Capital cops rough up protesters
Missing persons issue
ISLAMABAD - Islamabad police Monday broke up protest demonstration arranged by Defence of Human Rights and arrested a dozen of family members of missing persons.
It all started in the famous D-Chowk, a few hundred yards from the office of federal Interior Minister Chaudhary Nisar Ali Khan who used to visit camps of families of missing persons during his stint as opposition leader in National Assembly during the PPP government.
On Monday, family members, relatives and friends of missing person arrived at D-Chowk in the afternoon to stage a protest on the call of Defence of Human Rights, an NGO. Hundreds of protesters demanded the government use its influence to get released their dear ones who had gone missing over the years.
Violence started at the initially peaceful protest when the protesters stated marching towards the Parliament House. They were confronted by heavy contingent of police, which used tear gas to disperse them. Dozens of young protesters scuffled with policemen making them flee from the scene in the initial encounter.
But then battle went ferocious with the arrival of several dozen additional policemen at the scene. The police then thrashed the protesters, wounding at least a dozen of them, and later on arrested several. Around a dozen policewomen got hold of Amina Masood Janjua, the head of Defence of Human Rights, and subjected her to torture as she refused to give up. The police squad dragged her to a police van and took her to Secretariat Police Station. She was later shifted to the Woman Police Station.
Sultan Azam Temuri, Assistant Inspector General of Islamabad Capitol Territory Police, said the police had to use force to stop the violent protesters from entering the Red Zone. Islamabad District has imposed Section 144 which forbade anyone from entering the sensitive area, he told The Nation. “You would appreciate that Islamabad police asked them (protesters) to refrain from taking the law into their hands, but they did not listen to police officers,” said Temuri. He said police would register an FIR against those who violated Section 144. However, the arrested protesters were later set free on the orders of Prime Minister Nawaz Sharif.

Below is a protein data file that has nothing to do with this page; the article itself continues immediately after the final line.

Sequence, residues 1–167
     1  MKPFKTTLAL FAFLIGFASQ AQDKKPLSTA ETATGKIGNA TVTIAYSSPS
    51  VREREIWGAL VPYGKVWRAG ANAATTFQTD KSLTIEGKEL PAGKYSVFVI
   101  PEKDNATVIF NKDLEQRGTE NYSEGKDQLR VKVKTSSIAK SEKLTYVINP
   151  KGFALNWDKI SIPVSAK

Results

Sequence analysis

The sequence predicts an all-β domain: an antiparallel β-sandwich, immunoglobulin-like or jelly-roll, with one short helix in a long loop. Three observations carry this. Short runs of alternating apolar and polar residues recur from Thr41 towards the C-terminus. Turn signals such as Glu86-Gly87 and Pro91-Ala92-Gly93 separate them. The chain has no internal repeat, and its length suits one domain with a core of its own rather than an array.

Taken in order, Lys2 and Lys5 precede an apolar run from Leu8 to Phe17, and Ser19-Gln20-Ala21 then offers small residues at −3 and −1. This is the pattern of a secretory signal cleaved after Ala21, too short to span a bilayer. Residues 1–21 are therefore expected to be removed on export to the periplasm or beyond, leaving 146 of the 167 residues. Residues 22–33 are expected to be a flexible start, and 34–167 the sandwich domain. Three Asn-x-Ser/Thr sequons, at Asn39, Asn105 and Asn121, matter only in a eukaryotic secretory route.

Utterly alarmed by the use of violence against families of missing person by police, PTI Central Information Secretary Shireen Mazari condemned the police action. “It was brutal and inhumane, and against the constitutional and democratic right of people to protest, for the government to have allowed such a police attack. These protestors included women and children and all were unarmed. The use of batons and shelling by the police was completely unjustified and those who ordered this brutal action should be held accountable and punished,” she said.
Mazari said it was a shameful reflection on the government to see Pakistani citizens, including women and media personnel, being brutalised by the law enforcers who should rather be protecting these innocent citizens. She added that brutalising these protesting unarmed citizens and the media personnel covering the protest was unacceptable and reflected a fascist governmental streak.
Ironically, those in government today used to visit the missing persons’ camps and offer support when they were not in power, but now they all stand exposed as they only sought cheap popularity in the past, he said. Mazari reiterated that the PTI was the first political party that raised voice in support of missing persons and their families for seeking justice, and for Dr Aafia Siddiqui.
After, initial probe, Interior Minister Chaudhry Nisar Ali Khan held responsible ASP (City) and ASP (Secretariat) for the incident and issued orders for the suspension of both of these officials.
The minister also asked the Deputy Commissioner Islamabad to hold a judicial inquiry of the incident and submit a complete report to his office in this connection.